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View Full Version : m-1 carbine firing out of battery?


stinx
October 3, 1999, 09:54 PM
I have a Israel Arms Internation model M-1 carbine. This guns receiever is supposed to be of new manufacture, with the rest of the rifles parts mil-spec. I bought the gun new this weekend.
Firing the gun at the range I had several round not fire ,light primers strikes. I also had one round that I think may have fire out of battery. The rounds primer was blown and had light fouling on the sides of the case and also on the next round in the mag. In firing 100 rnds of Pmc 110 ball ammo the gun only did this once,but its got me thinking. Does this sound like the headspace is off? Could this just be bad ammo?

George Stringer
October 4, 1999, 07:06 AM
Stinx, headspace could be the problem. Naturally you see that more with older guns that have seen a lot of use but it is not all that rare in brand new weapons. It could also be a burr on the rails not allowing the bolt to close compeletly. Either way, if it were me I'd find out who is doing the warranty work for these and send it to them. George

Cheapo
October 8, 1999, 12:02 AM
The design of the M1 Carbine bolt is such that the hammer cannot impact the firing pin unless the bolt is fully forward. All bets are off if the right areas of metal are broken away, but that's unlikely enough to be almost impossible.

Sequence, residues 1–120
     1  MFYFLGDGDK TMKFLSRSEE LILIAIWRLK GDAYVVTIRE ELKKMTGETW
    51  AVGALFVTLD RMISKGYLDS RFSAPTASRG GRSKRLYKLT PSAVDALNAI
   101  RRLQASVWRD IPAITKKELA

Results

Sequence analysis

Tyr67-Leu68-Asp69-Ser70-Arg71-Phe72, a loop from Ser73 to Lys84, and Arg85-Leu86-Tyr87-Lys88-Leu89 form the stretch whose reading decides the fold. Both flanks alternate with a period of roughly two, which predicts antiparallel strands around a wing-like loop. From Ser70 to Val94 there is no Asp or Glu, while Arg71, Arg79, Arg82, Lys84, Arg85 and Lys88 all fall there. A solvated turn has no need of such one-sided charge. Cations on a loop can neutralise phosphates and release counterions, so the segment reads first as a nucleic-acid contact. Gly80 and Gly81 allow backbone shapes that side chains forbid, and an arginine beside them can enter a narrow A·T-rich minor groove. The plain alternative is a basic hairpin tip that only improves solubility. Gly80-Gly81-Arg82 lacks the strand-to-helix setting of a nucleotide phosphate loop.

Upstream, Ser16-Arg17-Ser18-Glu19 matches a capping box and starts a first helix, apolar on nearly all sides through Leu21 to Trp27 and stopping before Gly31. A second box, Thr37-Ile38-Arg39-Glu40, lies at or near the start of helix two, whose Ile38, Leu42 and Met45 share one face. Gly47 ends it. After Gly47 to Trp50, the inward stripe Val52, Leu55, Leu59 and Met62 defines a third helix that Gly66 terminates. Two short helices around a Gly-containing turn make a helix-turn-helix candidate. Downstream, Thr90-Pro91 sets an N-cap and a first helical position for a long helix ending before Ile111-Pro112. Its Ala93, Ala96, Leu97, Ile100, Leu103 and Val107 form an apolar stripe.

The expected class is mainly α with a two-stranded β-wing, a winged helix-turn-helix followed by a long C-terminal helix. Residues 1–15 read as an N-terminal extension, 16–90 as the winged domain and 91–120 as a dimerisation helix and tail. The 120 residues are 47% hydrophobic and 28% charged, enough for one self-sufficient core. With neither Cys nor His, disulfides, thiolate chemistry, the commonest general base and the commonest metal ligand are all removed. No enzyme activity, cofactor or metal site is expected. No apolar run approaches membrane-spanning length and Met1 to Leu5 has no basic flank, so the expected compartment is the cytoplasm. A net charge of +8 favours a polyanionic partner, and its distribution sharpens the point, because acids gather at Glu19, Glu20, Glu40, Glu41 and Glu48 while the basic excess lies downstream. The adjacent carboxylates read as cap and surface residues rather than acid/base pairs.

Really high pressure or a poorly made case head can cause a primer leak. The case head is supposed to be work-hardened, as contrasted with the often-annealed case necks. Anneal a case head and it's softer and can expand under firing pressure beyond the primer's ability to keep up and keep it's hole sealed against gas release.

A case body split can also cause the type of soot deposits you describe, but you generally see a rather obvious failure point on the fired case.

Check for proper light grease lube on the operating surfaces--if the bolt is not fully rotated closed, you can get those light strikes and failures to fire. The hammer falls and finishes closing the bolt but there's too little juice left to pop the primer. Just an unsatisfying click.

Gale McMillan
October 8, 1999, 07:52 AM
It did not fire out of battery or you would have had a catastrophic failure. If it was not locked up it would have blown the bolt back and split the case and made a hell of a noise. It sounds more like excessive head space. Either way don't shoot it till a qualified gunsmith checks it out